Rail connections are less convenient in Croatia and Montenegro.


The image of the tiny fortified island of Sveti Stefan, or St Stephen, anchored to the mainland by a causeway, is one of the most unforgettable on the Montenegrin Coast. South of Budva, near the village of Przno, it is the Adriatic ‘take’ on St Tropez. Once home to a fortified fishing village dating from the 15th century, its medieval stone walls stood against attack by Ottomans and pirates alike.

After the last villagers moved, the entire island became a hotel in the 1950s, soon becoming a high-profile destination for A-list celebrities. However, the breakup of Yugoslavia and the civil wars of the 1990s brought this fame as a luxury retreat to an end.

This century Sveti Stefan assumed its former glory as one of the Adriatic’s most alluring destinations. The painstaking revitalisation began in 2007. The facelift took in the island buildings as well as the 32-hectare seaside estate of Villa Miloˇcer, once the summer residence of Queen Marija Karadordevic, surrounded by more than 800 olive trees and ancient cedar and pine forests. The restoration work was made more complex by damage done by earthquakes over the centuries, creating cracked walls and leaking roofs. Original oak beams had to be replaced.

Today the restoration is complete, honouring centuries-old traditions. Lanterns sit on the window sills, much as they would have to beckon its fishermen home, and after dusk they are shifted outside to create a magical ambience.

The magical culture and history of the island has been preserved.

The hotel site covers two kilometres of coastline including the sandy beaches of Sveti Stefan, Miloˇcer Beach and the famous Queen’s Beach.

To wander through the island’s narrow pathways is to smell lavender and rosemary, other Mediterranean flora and fruit trees. The buildings look medieval and the old church remains in the village. It’s not difficult to imagine yourself as a peasant fisherman all those centuries ago!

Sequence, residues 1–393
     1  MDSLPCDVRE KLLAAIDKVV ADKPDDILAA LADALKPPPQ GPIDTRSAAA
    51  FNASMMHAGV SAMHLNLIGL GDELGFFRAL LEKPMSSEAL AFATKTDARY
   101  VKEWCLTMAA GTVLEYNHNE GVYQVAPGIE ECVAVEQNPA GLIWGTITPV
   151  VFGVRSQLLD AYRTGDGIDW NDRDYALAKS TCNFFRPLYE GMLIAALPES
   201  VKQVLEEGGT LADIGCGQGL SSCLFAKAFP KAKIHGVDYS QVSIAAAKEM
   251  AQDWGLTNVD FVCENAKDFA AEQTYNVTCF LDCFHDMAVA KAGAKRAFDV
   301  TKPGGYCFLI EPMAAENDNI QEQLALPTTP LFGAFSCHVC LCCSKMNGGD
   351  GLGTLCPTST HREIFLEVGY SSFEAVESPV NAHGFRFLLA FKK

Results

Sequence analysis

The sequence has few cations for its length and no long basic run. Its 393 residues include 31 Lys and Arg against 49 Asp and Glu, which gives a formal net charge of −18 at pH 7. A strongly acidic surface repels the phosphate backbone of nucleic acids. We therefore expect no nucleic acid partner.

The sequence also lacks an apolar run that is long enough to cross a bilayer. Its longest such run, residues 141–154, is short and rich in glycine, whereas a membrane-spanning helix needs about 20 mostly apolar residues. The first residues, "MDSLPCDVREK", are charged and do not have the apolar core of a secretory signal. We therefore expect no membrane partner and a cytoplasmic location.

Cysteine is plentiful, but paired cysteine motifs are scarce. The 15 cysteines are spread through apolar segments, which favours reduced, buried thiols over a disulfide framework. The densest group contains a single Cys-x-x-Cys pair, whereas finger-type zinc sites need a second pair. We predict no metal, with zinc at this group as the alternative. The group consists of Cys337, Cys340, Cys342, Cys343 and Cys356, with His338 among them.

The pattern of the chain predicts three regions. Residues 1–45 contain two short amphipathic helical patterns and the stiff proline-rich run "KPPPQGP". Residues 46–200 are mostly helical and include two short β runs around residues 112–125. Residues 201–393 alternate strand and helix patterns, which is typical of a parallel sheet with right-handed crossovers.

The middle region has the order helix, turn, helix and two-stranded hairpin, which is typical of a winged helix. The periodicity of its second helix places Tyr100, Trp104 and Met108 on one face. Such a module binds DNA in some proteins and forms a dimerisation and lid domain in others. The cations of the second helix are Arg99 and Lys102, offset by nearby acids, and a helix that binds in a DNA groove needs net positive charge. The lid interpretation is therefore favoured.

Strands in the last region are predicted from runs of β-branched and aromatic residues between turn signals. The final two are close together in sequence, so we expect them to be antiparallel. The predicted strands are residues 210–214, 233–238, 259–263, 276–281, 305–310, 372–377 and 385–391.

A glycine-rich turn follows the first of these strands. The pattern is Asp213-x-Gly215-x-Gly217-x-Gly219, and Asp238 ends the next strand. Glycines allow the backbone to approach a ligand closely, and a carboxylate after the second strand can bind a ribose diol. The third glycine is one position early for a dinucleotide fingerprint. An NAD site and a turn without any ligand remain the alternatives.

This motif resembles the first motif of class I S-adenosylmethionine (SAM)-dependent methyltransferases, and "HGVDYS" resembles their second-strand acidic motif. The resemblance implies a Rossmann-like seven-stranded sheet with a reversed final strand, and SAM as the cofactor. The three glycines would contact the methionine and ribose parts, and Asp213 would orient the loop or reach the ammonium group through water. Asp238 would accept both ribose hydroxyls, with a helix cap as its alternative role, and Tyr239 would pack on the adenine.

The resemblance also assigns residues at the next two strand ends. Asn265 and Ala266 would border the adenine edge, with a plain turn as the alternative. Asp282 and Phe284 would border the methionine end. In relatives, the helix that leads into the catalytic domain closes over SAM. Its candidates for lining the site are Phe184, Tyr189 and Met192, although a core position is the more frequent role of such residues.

History, culture, environment, architectural uniqueness and luxury lifestyle – the island hotel of Sveti Stefan has it all, and beyond its shores, Montenegro makes the perfect backdrop to Paradise.

Aman Sveti Stefan offers an idyllic sojourn where guests can relive the past while experiencing the utmost in contemporary five-star luxury.

Views from the different suites are of the sea, rustic rooftops or quaint courtyards and piazzas, depending on their location on the island with every one unique, reflecting its origins as a 15th-century fortress and fishing village.

While the charming historic stone exteriors and red-tiled roofs remain unchanged, the resort’s interiors have been restored and updated to meet luxury expectations in 50 suites, rooms and cottages on the island and 8 suites at Villa Miloˇcer. In designing the interiors, priority was given to preserving the original walls and reflecting the village’s origins. The two four-roomed Queen Marija Suites offer exquisite accommodation, complete with fireplaces, while the Sophia Loren Suite has a private swimming pool.

While staying at Aman Sveti Stefan is about relaxation, swimming, diving, boating, and sightseeing, dining is not forgotten. There’s a definite Venetian element to Adriatic cuisine. Dining options on the island are diverse – in the Piazza, the open-air square that is the centrepiece of the island’s village setting, there is a taverna, enoteca, pasticceria and antipasti bar. Dine around the cliff pool and bar with its great views or at the more formal Aman Restaurant. On the mainland are three dining venues including the Queen’s Chair and the Olive Restaurant. An afternoon glass of local wine on the terrace looking out to sea is unforgettable – a gentle reminder that “aman” means “peace’ in Sanskrit.


: 1800 2255 2626